[dropcap size=big]M[/dropcap]aking movies is a monumentally difficult task. There are a lot of moving parts and sometimes competing interests, and if just one variable is out of sync, then it can throw the timing off everything else. It’s hard to know what went wrong first in The Other Woman, whether it was the direction, actors taking too many liberties or a script that needed one more rewrite, but something definitely set this film off course, squandering what is otherwise a pretty good concept.
Carly Whitten (Cameron Diaz) is a powerful attorney who is still single even though she’s fast approaching the tail end of her prime. She may have finally found a guy to settle down with, however, when she meets Mark (Nikolaj Coster-Waldau), who seems to be every bit of Mr. Right. Unfortunately, he’s already married to another woman, Kate (Leslie Mann). When Kate discovers Mark’s affair, she confronts Carly, and they ironically develop a friendship. During this time, the two women discover that Mark actually has a third woman in his life (Kate Upton). Driven to make Mark pay for his brazenly wanton ways, the three women join forces to exact their revenge.
The Other Woman is pure escapism for women. How often do women find definitive proof that their man is cheating? Then, not only meet the other woman, but actually befriend her instead of clawing her eyes out? Probably never, but the idea is nice. Furthermore, Mark is so despicable – not just in his love life, but in his professional life as well – that watching the takedown of this person who has no redeeming qualities is schadenfraudelicious! In fact, you don’t need to be a woman to appreciate what this film is trying to accomplish. It’s how the film goes about achieving that goal that will give any viewer pause for concern.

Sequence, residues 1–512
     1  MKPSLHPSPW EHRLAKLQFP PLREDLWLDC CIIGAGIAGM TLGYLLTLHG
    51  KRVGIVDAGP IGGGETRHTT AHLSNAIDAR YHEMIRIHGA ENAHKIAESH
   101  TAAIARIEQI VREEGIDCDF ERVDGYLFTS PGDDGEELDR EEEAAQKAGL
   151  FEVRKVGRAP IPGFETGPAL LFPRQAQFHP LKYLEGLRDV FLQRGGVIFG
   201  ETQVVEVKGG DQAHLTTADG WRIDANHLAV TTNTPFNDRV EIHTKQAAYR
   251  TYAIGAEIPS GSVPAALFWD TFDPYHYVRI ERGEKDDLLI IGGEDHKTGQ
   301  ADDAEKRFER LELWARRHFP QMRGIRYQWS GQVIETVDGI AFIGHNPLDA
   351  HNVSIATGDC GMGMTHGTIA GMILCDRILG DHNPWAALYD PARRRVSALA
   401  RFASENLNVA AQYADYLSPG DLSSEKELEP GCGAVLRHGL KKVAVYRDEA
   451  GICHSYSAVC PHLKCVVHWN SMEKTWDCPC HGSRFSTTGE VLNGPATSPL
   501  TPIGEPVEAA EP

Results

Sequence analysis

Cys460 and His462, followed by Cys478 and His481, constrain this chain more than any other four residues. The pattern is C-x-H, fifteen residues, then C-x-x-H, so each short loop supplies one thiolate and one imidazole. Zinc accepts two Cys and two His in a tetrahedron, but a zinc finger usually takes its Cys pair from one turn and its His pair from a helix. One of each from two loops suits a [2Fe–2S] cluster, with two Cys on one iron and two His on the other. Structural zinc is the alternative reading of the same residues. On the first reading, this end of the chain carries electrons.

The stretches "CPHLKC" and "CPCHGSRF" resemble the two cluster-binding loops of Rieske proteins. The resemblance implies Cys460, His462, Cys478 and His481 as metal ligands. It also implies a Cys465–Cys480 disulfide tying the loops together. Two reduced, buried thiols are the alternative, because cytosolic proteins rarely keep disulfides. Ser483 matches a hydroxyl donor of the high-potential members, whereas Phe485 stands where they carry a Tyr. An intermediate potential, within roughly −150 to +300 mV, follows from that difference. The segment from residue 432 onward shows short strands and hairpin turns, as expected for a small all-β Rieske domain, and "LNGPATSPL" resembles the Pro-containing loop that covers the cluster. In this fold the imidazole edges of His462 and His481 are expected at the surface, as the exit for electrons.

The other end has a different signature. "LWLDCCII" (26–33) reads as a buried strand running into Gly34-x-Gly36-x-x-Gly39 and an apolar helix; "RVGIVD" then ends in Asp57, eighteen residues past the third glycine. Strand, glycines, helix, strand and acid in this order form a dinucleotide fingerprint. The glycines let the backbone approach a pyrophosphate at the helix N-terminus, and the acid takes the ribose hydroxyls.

For starters, The Other Woman is supposed to be a comedy, but it rarely does anything to elicit laughs. One of the bits involves a very large dog defecating on the floor of someone’s apartment for no good reason except to gross out audiences. Unfortunately, most of the comedic heavy lifting is performed by Leslie Mann. She carves a quirky, nervous, timid character out of her role, and she’s genuinely fun to watch in the early scenes, but the over reliance on her to keep the humor up gets old quickly. That’s not to say there aren’t any laughs to be had, they’re just few and far between.
The pacing of the film slows to a crawl halfway through the movie as well. For some reason, it takes 40 minutes to establish a subplot that has the women thwarting Mark’s crooked business endeavors before the women actually act on it to complete their revenge. During this portion of the film, time is filled with unnecessary characters like Carly’s father (Don Johnson) and her assistant (Nicki Minaj), who has no business being in a high-priced law firm as an employee, or in this film in a speaking role. She’s very out of place and doesn’t add anything to the story.
Finally, the film could have done more in terms of the revenge aspect. It simply doesn’t go far enough in breaking Mark down. For example, the girls tamper with his shampoo and his morning shake with the goal of making his hair fall out while upping the estrogen in his body. While the film does show some of these effects, it’s just one scene. By the climax of the film Mark looks fine, instead of a balding mess with breasts.
The one saving grace to the film is the girl power aspect and the camaraderie that the women exhibit throughout the film. There’s a good message here that women don’t always have to compete with each other, and can unite effectively against a common enemy. Audiences just have to work a little harder and dig a little deeper to find the good stuff.